It matches “flickered” because it matches “red”. The problem is that the previous pattern will match any word with the name of a color inside it. We want to only match colors in which the entire word is the name of the color. We can do this by adding a \b (to indicate a word boundary) before and after the pattern:

colour_match2 <- str_c("\\b(", str_c(colours, collapse = "|"), ")\\b")
colour_match2
#> [1] "\\b(red|orange|yellow|green|blue|purple)\\b"
more2 <- sentences[str_count(sentences, colour_match) > 1]
str_view_all(more2, colour_match2, match = TRUE)

#### Exercise 14.4.2.2

From the Harvard sentences data, extract:

1. The first word from each sentence.
2. All words ending in ing.
3. All plurals.

The answer to each part follows.

1. Finding the first word in each sentence requires defining what a pattern constitutes a word. For the purposes of this question, I’ll consider a word any contiguous set of letters. Since str_extract() will extract the first match, if it is provided a regular expression for words, it will return the first word.

str_extract(sentences, "[A-ZAa-z]+") %>% head()
#> [1] "The"   "Glue"  "It"    "These" "Rice"  "The"

However, the third sentence begins with “It’s”. To catch this, I’ll change the regular expression to require the string to begin with a letter, but allow for a subsequent apostrophe.

str_extract(sentences, "[A-Za-z][A-Za-z']*") %>% head()
#> [1] "The"   "Glue"  "It's"  "These" "Rice"  "The"
2. This pattern finds all words ending in ing.

pattern <- "\\b[A-Za-z]+ing\\b"
sentences_with_ing <- str_detect(sentences, pattern)
unique(unlist(str_extract_all(sentences[sentences_with_ing], pattern))) %>%
#> [1] "spring"  "evening" "morning" "winding" "living"  "king"
3. Finding all plurals cannot be correctly accomplished with regular expressions alone. Finding plural words would at least require morphological information about words in the language. See WordNet for a resource that would do that. However, identifying words that end in an “s” and with more than three characters, in order to remove “as”, “is”, “gas”, etc., is a reasonable heuristic.

unique(unlist(str_extract_all(sentences, "\\b[A-Za-z]{3,}s\\b"))) %>%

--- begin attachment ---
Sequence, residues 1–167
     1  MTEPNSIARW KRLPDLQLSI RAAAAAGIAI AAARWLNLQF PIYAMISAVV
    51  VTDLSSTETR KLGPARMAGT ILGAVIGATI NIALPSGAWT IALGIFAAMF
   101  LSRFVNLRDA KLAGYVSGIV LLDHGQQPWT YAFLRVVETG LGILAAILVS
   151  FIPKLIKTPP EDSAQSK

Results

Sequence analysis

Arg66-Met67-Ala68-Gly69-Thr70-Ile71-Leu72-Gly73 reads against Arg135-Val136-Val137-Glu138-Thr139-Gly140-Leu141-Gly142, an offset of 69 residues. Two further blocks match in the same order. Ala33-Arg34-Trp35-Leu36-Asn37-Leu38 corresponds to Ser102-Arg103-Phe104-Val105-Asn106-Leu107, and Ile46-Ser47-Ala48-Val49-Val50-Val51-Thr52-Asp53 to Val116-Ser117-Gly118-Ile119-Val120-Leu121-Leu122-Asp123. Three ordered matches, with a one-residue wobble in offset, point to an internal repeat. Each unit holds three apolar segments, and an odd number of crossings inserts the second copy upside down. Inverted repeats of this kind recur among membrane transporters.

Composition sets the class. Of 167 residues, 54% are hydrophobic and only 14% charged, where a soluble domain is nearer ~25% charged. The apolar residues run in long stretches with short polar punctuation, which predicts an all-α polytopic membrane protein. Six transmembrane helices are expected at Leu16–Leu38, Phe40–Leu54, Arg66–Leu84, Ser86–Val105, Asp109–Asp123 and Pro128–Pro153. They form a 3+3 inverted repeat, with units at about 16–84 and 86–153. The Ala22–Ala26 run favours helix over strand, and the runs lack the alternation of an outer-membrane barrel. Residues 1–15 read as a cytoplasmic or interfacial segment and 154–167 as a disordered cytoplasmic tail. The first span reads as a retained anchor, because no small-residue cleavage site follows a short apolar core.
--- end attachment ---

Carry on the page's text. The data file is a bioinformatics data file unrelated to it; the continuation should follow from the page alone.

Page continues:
#> [1] "planks" "days"   "bowls"  "lemons" "makes"  "hogs"

### 14.4.3 Grouped matches

#### Exercise 14.4.3.1

Find all words that come after a “number” like “one”, “two”, “three” etc. Pull out both the number and the word.

numword <- "\\b(one|two|three|four|five|six|seven|eight|nine|ten) +(\\w+)"
sentences[str_detect(sentences, numword)] %>%
str_extract(numword)
#>  [1] "seven books"   "two met"       "two factors"   "three lists"
#>  [5] "seven is"      "two when"      "ten inches"    "one war"
#>  [9] "one button"    "six minutes"   "ten years"     "two shares"
#> [13] "two distinct"  "five cents"    "two pins"      "five robins"
#> [17] "four kinds"    "three story"   "three inches"  "six comes"
#> [21] "three batches" "two leaves"

#### Exercise 14.4.3.2

Find all contractions. Separate out the pieces before and after the apostrophe.

This is done in two steps. First, identify the contractions. Second, split the string on the contraction.

contraction <- "([A-Za-z]+)'([A-Za-z]+)"
sentences[str_detect(sentences, contraction)] %>%
str_extract(contraction) %>%
str_split("'")
#> [[1]]
#> [1] "It" "s"
#>
#> [[2]]
#> [1] "man" "s"
#>
#> [[3]]
#> [1] "don" "t"
#>
#> [[4]]
#> [1] "store" "s"
#>
#> [[5]]
#> [1] "workmen" "s"
#>
#> [[6]]
#> [1] "Let" "s"
#>
#> [[7]]
#> [1] "sun" "s"
#>
#> [[8]]
#> [1] "child" "s"
#>
#> [[9]]
#> [1] "king" "s"
#>
#> [[10]]
#> [1] "It" "s"
#>
#> [[11]]
#> [1] "don" "t"
#>
#> [[12]]
#> [1] "queen" "s"
#>
#> [[13]]
#> [1] "don" "t"
#>
#> [[14]]
#> [1] "pirate" "s"
#>
#> [[15]]
#> [1] "neighbor" "s"

### 14.4.4 Replacing matches

#### Exercise 14.4.4.1

Replace all forward slashes in a string with backslashes.

str_replace_all("past/present/future", "/", "\\\\")
#> [1] "past\\present\\future"

#### Exercise 14.4.4.2

Implement a simple version of str_to_lower() using replace_all().